Students and critics often seem focused upon scripts, frames (storyboards), and soundtracks for their analyses of films. However, Catherine Hardwicke recently demonstrated at the Middleburg Film Festival that the director’s notes can be among the most interesting materials to study. The director of the first Twilight film was in Virginia wine country for an in-depth interview with Maureen Orth, a Special Correspondent for Vanity Fair. She was also present for screenings of Miss You Already, her latest feature film starring Drew Barrymore and Toni Collette.
Hardwicke proudly displayed her color-coded notes from Twilight, outlining multiple scenes to film according to the whims of the weather. Time, for Hardwicke, is a precious resource. She also showed her notes for Toni Collette’s different wigs at every stage. These notes are instrumental in staying organized and being prepared for unexpected obstacles, often in the form of Hollywood “studio politics” or worse yet, significant budget cuts on short notice. “Sparkling costs a lot of money,” she joked about the vampire scenes and CGI.
The Twilight sequel announcements were unfortunate with the disparaging media reports purporting that she had been fired. Hardwicke addressed those reports directly in Middleburg, explaining that she decided not to make the sequel, as allowed in her contract. The backlash was perplexing treatment (to say the least), because she has been recognized for achieving the highest grossing opening box office sales for a female director ($69 million).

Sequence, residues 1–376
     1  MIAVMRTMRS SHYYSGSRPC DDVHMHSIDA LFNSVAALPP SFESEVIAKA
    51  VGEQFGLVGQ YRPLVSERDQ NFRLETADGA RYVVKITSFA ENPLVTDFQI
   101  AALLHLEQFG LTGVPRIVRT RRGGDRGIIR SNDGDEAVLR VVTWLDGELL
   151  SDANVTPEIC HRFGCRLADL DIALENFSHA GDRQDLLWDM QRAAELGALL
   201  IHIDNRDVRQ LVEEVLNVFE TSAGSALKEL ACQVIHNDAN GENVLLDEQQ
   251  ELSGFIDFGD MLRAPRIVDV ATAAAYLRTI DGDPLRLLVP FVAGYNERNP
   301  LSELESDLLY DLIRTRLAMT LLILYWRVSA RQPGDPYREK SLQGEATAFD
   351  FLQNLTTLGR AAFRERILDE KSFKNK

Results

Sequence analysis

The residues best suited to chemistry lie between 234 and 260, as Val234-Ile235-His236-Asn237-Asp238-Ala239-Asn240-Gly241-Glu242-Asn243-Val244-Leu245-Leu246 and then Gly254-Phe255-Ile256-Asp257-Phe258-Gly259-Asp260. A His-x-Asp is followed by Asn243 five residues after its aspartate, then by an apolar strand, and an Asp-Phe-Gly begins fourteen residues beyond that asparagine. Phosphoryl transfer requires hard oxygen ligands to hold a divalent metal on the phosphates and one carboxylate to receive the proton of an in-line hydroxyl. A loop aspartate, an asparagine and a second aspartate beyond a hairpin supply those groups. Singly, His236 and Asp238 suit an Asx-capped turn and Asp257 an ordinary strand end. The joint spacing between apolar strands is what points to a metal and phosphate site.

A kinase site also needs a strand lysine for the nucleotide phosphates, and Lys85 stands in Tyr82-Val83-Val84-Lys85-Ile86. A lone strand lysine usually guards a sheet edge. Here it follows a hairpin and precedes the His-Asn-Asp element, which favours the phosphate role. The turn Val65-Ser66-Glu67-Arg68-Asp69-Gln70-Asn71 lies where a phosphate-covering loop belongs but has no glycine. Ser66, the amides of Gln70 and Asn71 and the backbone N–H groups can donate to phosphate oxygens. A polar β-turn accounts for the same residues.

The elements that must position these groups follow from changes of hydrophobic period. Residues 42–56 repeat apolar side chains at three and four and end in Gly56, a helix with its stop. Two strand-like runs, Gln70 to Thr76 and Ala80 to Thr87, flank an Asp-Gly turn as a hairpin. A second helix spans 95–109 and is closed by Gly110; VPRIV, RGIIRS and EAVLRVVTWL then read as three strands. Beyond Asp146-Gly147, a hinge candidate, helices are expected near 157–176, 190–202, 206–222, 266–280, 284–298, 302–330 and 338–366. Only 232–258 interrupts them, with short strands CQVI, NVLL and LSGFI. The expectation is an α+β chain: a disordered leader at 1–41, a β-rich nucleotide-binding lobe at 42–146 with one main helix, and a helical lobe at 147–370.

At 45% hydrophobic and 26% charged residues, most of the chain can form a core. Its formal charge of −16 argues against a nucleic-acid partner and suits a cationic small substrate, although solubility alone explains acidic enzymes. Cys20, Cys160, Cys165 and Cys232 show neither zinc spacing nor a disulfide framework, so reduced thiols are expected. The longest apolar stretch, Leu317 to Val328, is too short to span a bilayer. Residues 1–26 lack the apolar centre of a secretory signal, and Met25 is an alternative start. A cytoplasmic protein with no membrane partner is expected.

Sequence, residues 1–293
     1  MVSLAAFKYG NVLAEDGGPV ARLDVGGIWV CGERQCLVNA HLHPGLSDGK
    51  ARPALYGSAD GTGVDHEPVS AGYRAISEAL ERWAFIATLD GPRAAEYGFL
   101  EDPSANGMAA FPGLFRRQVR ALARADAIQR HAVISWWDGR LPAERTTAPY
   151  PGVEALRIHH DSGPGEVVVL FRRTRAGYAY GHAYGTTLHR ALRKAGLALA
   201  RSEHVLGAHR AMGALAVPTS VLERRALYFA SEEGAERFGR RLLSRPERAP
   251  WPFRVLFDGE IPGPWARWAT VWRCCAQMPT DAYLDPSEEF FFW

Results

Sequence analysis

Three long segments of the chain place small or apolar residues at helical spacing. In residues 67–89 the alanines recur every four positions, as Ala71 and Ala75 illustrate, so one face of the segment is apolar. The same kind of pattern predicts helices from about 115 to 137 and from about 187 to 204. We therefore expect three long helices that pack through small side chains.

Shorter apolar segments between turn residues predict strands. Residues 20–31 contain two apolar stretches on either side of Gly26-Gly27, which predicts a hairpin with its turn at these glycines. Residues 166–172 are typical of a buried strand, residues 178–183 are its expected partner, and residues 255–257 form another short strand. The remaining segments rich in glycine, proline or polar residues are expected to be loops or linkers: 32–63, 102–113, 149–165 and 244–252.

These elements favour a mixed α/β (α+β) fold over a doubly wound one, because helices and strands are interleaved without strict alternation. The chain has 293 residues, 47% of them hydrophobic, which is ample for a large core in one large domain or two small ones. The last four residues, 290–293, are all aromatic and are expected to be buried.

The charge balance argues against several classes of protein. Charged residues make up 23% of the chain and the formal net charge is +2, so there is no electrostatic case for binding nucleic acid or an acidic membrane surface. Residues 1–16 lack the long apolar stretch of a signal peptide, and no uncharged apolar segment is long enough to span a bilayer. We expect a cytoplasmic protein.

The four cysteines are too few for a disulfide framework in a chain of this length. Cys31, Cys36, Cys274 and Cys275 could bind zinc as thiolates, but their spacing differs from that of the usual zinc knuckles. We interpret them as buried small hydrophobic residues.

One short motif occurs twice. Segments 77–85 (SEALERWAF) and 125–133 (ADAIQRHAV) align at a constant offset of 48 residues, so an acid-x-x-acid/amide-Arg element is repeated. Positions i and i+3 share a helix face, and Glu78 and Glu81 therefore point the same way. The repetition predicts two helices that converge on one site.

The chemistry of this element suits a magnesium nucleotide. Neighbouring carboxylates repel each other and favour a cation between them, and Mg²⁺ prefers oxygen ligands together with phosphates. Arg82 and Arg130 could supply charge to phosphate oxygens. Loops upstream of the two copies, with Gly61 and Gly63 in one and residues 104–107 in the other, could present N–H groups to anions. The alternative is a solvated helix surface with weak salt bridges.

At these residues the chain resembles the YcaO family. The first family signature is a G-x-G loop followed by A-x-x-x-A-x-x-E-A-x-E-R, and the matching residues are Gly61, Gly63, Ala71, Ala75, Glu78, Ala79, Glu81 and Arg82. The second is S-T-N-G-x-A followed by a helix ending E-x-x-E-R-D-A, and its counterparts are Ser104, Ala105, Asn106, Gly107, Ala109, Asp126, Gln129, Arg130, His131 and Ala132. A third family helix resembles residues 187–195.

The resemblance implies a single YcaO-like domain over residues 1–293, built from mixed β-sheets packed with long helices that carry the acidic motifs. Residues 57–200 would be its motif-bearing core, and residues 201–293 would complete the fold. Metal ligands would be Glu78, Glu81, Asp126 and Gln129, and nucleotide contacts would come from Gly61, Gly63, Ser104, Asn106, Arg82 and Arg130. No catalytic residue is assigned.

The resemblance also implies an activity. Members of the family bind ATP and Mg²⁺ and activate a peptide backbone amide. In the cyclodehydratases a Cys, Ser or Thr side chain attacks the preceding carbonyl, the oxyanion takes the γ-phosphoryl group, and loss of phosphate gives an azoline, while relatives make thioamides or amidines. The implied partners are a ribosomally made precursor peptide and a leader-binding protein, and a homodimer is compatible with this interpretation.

One of the major problems, Hardwicke pointed out, is the issue of “gender bias” in an industry dominated by the view that women “can’t direct action sequences” and are overly “emotional b*****s.” In spite of the abrasive environment that exists in parts of Hollywood, she remains dedicated and ever the optimist. “I was going to make that movie no matter what,” Hardwicke reflected about Thirteen, a sentiment that can be extended to all of her films and causes.
Later this month, she will be providing testimony about her experiences to the Equal Employment Opportunity Commission (EEOC). However, Hardwicke adds, the number of male-to-female entertainment critics or reviewers is disproportionately “pale and male,” a distribution that favors the current Hollywood culture. She also has a role as herself on a Funny or Die segment, using comedy to encourage debate about Hollywood sexism. Her approach to the issue is admirable and most welcome, as she joins others seeking to open the film industry to women and minorities.
This article was originally posted under the same title on Blogcritics.org.